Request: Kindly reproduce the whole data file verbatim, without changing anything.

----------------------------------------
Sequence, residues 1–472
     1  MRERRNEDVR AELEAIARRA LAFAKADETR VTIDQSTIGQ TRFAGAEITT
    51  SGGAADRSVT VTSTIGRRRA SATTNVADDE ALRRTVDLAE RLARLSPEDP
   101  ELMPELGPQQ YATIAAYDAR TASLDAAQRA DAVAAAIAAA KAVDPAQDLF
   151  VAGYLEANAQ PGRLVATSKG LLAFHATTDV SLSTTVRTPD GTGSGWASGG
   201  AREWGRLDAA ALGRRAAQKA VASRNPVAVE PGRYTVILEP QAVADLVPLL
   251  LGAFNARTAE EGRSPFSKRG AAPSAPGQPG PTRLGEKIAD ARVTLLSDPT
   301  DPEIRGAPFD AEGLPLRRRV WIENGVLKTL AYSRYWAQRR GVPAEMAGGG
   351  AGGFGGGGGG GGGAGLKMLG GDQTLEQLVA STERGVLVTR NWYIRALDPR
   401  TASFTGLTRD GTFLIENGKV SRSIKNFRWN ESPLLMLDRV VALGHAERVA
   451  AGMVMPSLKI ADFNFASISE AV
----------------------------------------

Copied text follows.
Sequence, residues 1–472
     1  MRERRNEDVR AELEAIARRA LAFAKADETR VTIDQSTIGQ TRFAGAEITT
    51  SGGAADRSVT VTSTIGRRRA SATTNVADDE ALRRTVDLAE RLARLSPEDP
   101  ELMPELGPQQ YATIAAYDAR TASLDAAQRA DAVAAAIAAA KAVDPAQDLF
   151  VAGYLEANAQ PGRLVATSKG LLAFHATTDV SLSTTVRTPD GTGSGWASGG
   201  AREWGRLDAA ALGRRAAQKA VASRNPVAVE PGRYTVILEP QAVADLVPLL
   251  LGAFNARTAE EGRSPFSKRG AAPSAPGQPG PTRLGEKIAD ARVTLLSDPT
   301  DPEIRGAPFD AEGLPLRRRV WIENGVLKTL AYSRYWAQRR GVPAEMAGGG
   351  AGGFGGGGGG GGGAGLKMLG GDQTLEQLVA STERGVLVTR NWYIRALDPR
   401  TASFTGLTRD GTFLIENGKV SRSIKNFRWN ESPLLMLDRV VALGHAERVA
   451  AGMVMPSLKI ADFNFASISE AV